For Brendan Morrison, it was a short drive to the in-laws in Penticton after two days of NHL Players Association meetings. But the road to returning to the ice could be long and full of potholes.
Not only is the Pitt Meadows native Morrison an unrestricted free agent who collected just 11 points last season in 39 games split between the Calgary Flames and Chicago Blackhawks, he needs to prove at age 37 that there’s some-thing left in the tank.
To do that, the centre needs to play. However, the prospect of that coming to fruition next month seems remote, with scheduled collective bargaining agreement talks Wednesday in Toronto reduced to informal discussions in advance of actual bargaining Thursday.
And as much as you could argue that an injury-free season after right knee surgery on April 11, 2011 might make Morrison attractive to a team looking for affordable depth, leader-ship and versatility – Phoenix, Ottawa and Edmonton might be fits – until a new CBA is struck, he’s probably stuck.
“We’ve talked to a couple of teams but it’s been real slow and with guys who are considered older, teams want to see what’s going to happen with the CBA before much action is going to take place,” Morrison said.
With others signing extensions longer than five years to reduce the salary cap hit and to guard against a new CBA not allowing contracts beyond five years - Taylor Hall signed a seven-year extension while Scott Hartnell and Wayne Simmonds got six-year deals - those 35 years of age and above wait.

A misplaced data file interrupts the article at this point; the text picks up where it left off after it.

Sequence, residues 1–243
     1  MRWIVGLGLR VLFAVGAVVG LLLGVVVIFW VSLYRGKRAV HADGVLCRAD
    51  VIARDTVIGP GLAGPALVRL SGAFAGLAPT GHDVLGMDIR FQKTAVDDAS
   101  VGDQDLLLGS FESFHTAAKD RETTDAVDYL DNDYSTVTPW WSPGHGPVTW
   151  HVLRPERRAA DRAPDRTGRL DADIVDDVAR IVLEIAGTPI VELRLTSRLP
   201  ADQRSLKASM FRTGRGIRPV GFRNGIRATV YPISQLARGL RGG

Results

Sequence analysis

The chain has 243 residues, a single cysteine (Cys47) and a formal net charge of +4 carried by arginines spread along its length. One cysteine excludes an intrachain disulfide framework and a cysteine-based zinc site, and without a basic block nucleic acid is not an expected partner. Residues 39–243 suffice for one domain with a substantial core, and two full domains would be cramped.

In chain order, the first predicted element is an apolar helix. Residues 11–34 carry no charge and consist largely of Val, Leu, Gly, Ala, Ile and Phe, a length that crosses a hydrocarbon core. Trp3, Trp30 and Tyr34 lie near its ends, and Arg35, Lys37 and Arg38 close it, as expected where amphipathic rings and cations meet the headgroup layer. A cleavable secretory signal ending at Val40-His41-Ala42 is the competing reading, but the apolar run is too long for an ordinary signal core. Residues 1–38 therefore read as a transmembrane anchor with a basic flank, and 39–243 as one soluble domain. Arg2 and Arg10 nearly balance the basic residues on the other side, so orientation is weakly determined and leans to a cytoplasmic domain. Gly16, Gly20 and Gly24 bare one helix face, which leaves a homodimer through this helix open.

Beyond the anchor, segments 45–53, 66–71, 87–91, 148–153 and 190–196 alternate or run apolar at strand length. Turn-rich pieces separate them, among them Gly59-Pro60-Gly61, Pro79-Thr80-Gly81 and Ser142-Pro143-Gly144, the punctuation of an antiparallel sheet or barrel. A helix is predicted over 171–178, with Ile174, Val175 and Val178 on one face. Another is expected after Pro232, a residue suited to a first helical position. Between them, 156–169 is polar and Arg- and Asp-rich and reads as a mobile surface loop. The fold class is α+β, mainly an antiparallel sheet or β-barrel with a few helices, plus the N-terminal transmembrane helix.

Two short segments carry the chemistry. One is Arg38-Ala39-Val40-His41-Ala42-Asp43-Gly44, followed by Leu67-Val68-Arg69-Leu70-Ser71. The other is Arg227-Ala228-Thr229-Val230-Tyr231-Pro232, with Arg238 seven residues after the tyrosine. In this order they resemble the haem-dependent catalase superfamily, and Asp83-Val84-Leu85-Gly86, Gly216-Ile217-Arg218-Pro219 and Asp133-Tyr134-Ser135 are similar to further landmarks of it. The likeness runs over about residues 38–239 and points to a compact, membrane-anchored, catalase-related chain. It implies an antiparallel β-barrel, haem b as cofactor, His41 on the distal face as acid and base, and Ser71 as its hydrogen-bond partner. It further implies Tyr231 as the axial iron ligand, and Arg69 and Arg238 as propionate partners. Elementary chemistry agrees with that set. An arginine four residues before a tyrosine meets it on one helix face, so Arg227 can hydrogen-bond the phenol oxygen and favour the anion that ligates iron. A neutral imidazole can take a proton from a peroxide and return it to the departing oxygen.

The current CBA requires that multi-year deals to those players count against the cap in the second year, even if a player is inactive. The UFA forward list includes Brian Rolston (39), Andrew Brunette and Jason Blake (38) and Jason Arnott (37) and, even though Morrison made just $1.25 million last season, he has to play the waiting game. The current CBA expires Sept. 15.
“The proposal that we did make, we feel it was outside the box and unique and a lot of time and effort was put into it,” said Morrison, who has an economics degree from the University of Michigan.
“We feel it can correct some of the systematic problems that the league says it’s having. The gap between wealthy and not-wealthy teams has grown and the goal was to shrink that, so we feel it’s a fair proposal.”
The initial proposal from the owners called for dropping the players’ share of revenue from 57 to 43 per cent, capping salaries at five years and stretching entry-level deals from three to five. There’s also the elimination of arbitration and 10 years of service required for unrestricted free agency.
In response, the NHLPA pitched a counter-proposal that would not link the salary cap to revenues and a fixed rate of salary increases the next three years - two, four and six per cent - would surrender $465 mil-lion US to aid in revenue sharing and prop up struggling franchises. Players would have an option of returning to the current CBA in the fourth year and receive 57 per cent of revenue.
There’s also the ongoing argument of what does and doesn’t count as hockey-related revenue, so it’s complex.
-Ben Kuzma is with The Province
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